Live Nation (LYV) – Part 1 – Ticketing overview

Live Nation has various business lines associated with live music and live events.  They are pursuing a strategy of vertical integration, trying to find synergies between the various parts of their business.  On the concerts business side, the vertical integration strategy has been tried multiple times with little success.  Will this time be any different?  John Malone seems to think so.  Liberty Media has been buying more Live Nation shares.

Let’s start with an overview of the ticketing industry.

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LMCA and LBRDA valuation spreadsheets

LMCA: https://docs.google.com/spreadsheets/d/1Jh4eIMnqoVPMmfSnhzCPmHca8_aKgzdzHafYVxMERbw/edit?usp=sharing

LBRDA: https://docs.google.com/spreadsheets/d/1g1ZIuZWFOS5ep6CsKR0el-Icz6c1R_tGUpip0bsJVtA/edit?usp=sharing
See Liberty Broadband valuation spreadsheet.

Important caveats:

  1. Google Finance might lag behind real-time quotes.
  2. My spreadsheets often contain errors in them.  I make a lot of mistakes.
  3. The valuation of some assets is subjective.  These should be highlighted with a light red background.
  4. Not all of the prices in the LMCA spreadsheet are updated.  The prices for non-American publicly-traded stakes are old.

Links

LMCA/LMCK share class arbitrage

Portfolio update November 2014

Overall, my portfolio is down several percent YTD mainly due to a longshot bet on Yongye put options and mark-to-market losses on Altisource common shares.

On the short side, shorting common stock has worked incredibly well for me this year.  Unfortunately, my gains were offset by losses on Yongye puts.

On the long side, I made massive bets on Kinder Morgan warrants and Altisource common stock.  The former has been profitable while the latter hasn’t.  Altisource has been beaten down -53% YTD and I have been adding to my position on the way down.  While Altisource continues to have absurd earnings growth, its share price has fallen dramatically due to fears that regulation may hurt the company.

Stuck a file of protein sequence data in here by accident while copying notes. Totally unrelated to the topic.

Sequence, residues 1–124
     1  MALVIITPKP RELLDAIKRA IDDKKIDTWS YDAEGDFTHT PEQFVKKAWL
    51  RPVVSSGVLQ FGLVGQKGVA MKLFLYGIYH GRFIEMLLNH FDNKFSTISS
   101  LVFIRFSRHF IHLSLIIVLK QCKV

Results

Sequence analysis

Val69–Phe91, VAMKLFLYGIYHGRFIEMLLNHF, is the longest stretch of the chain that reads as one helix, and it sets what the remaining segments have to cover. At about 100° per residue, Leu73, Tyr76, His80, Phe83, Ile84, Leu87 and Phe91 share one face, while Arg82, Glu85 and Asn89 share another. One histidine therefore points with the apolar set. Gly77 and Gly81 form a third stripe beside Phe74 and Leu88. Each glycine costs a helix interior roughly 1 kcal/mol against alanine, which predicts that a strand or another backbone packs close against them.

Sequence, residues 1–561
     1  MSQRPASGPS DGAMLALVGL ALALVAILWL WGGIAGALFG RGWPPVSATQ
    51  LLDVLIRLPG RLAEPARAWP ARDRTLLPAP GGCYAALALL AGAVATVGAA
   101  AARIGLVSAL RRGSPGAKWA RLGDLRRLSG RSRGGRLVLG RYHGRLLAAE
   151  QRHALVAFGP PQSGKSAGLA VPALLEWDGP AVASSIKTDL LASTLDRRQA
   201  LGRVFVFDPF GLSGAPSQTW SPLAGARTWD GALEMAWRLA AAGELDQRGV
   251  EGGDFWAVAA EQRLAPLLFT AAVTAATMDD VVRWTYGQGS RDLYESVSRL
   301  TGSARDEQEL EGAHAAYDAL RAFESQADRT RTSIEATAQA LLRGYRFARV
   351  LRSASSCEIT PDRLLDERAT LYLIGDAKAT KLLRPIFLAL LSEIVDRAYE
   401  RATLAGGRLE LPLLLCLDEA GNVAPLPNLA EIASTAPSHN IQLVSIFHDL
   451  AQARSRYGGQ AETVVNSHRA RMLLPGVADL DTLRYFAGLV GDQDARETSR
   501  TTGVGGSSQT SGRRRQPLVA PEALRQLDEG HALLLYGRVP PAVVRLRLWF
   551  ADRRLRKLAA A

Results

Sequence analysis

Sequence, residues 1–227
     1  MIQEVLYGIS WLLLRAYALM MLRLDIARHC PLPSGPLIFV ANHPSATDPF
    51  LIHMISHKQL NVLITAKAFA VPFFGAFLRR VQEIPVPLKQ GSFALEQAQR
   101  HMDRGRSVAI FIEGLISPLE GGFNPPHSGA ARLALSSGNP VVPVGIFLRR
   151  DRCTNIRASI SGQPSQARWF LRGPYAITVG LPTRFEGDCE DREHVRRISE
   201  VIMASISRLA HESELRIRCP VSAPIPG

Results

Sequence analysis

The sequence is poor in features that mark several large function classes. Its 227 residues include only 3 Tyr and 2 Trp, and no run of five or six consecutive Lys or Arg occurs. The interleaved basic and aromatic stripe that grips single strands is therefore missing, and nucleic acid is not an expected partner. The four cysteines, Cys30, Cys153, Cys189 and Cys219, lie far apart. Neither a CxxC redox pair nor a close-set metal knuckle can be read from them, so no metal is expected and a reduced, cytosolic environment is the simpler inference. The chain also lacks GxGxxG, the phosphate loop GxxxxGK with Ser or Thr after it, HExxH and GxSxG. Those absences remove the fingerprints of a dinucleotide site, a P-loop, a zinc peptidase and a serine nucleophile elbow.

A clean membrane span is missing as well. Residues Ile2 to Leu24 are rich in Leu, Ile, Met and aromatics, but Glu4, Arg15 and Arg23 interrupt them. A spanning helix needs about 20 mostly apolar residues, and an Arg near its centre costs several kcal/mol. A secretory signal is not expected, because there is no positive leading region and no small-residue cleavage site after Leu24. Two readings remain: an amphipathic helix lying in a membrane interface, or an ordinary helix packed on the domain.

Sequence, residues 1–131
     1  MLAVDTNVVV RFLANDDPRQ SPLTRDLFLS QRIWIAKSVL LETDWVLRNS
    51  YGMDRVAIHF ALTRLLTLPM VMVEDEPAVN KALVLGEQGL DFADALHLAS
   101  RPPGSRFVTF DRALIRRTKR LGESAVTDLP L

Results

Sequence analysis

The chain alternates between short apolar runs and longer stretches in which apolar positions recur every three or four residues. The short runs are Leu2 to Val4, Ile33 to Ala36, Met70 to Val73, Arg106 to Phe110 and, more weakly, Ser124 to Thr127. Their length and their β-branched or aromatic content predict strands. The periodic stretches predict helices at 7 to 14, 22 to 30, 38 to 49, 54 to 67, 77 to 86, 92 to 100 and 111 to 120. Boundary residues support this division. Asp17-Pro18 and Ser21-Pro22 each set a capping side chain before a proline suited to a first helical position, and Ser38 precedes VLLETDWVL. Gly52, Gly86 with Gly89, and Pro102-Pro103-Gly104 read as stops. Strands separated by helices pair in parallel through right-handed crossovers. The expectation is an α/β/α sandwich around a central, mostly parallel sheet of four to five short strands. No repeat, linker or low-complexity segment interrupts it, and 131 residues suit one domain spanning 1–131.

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LMCA/LMCK share class arbitrage

LMCK shares have no voting power while LMCA shares do.  In theory, LMCA shares are worth more than LMCK shares and should therefore trade at a premium.  Right now, the opposite is true.

Class A:  Ticker symbol LMCA.
Class B: Ticker symbol LMCB.  These shares have the most voting power.  These shares are highly illiquid.
Class C: Ticker symbol LMCK.  Non-voting.

In theory, you can arbitrage these shares by shorting LMCK and going long LMCA.  I would not recommend that particular trade because I’m not a fan of share class arbitrage in general.  But if you enjoy risky arbitrage trades that may take years to work out, there are better share class arbitrage opportunities out there.  For example, the spread is dramatically higher with LEN and LEN.B (18.7% versus 0.6%).

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(LMCA) Liberty Broadband spin-off

Liberty recently completed the distribution of 2 class C non-voting shares (ticker symbol LMCK) for each LMCA or LMCB share.  Now Liberty intends on completing its spinoff of Liberty Broadband (LBRDA/B/K).  Each shareholder of LBRDA/B/K will be slated to receive rights (LBRKR) to purchase shares of LBRDK.  Liberty Broadband’s S-1 was filed on July 25.

To summarize:  I think that both the parent and the spinoff will be attractive stocks.  I plan on owning both.  It could make sense to be overweight Liberty Broadband.

Both parts will essentially consist of high quality businesses with high growth (Sirius XM and Charter).  I don’t believe that this spinoff will result in a special situation where one piece will contain significantly better assets than the other piece.  I think that it is a better idea to own both rather than just Liberty Broadband.  Because there will be a lot of leverage underlying the companies, it is probably a good idea to diversify.

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